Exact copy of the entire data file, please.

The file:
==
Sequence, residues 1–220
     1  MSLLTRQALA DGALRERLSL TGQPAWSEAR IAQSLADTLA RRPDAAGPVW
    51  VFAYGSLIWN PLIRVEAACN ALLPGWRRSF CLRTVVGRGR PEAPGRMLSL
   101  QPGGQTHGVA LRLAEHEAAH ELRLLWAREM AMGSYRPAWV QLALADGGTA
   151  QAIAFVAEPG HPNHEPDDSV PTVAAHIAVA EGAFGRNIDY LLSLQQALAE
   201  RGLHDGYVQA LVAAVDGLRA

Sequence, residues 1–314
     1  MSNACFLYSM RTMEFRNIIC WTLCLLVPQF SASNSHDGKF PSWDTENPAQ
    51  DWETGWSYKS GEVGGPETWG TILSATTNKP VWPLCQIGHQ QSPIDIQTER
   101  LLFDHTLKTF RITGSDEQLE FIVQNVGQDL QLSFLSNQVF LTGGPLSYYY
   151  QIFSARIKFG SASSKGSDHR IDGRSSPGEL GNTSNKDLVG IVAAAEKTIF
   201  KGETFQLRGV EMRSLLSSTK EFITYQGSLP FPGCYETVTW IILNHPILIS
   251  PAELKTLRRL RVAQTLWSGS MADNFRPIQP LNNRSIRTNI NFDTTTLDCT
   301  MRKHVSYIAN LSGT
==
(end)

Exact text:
Sequence, residues 1–220
     1  MSLLTRQALA DGALRERLSL TGQPAWSEAR IAQSLADTLA RRPDAAGPVW
    51  VFAYGSLIWN PLIRVEAACN ALLPGWRRSF CLRTVVGRGR PEAPGRMLSL
   101  QPGGQTHGVA LRLAEHEAAH ELRLLWAREM AMGSYRPAWV QLALADGGTA
   151  QAIAFVAEPG HPNHEPDDSV PTVAAHIAVA EGAFGRNIDY LLSLQQALAE
   201  RGLHDGYVQA LVAAVDGLRA

Sequence, residues 1–314
     1  MSNACFLYSM RTMEFRNIIC WTLCLLVPQF SASNSHDGKF PSWDTENPAQ
    51  DWETGWSYKS GEVGGPETWG TILSATTNKP VWPLCQIGHQ QSPIDIQTER
   101  LLFDHTLKTF RITGSDEQLE FIVQNVGQDL QLSFLSNQVF LTGGPLSYYY
   151  QIFSARIKFG SASSKGSDHR IDGRSSPGEL GNTSNKDLVG IVAAAEKTIF
   201  KGETFQLRGV EMRSLLSSTK EFITYQGSLP FPGCYETVTW IILNHPILIS
   251  PAELKTLRRL RVAQTLWSGS MADNFRPIQP LNNRSIRTNI NFDTTTLDCT
   301  MRKHVSYIAN LSGT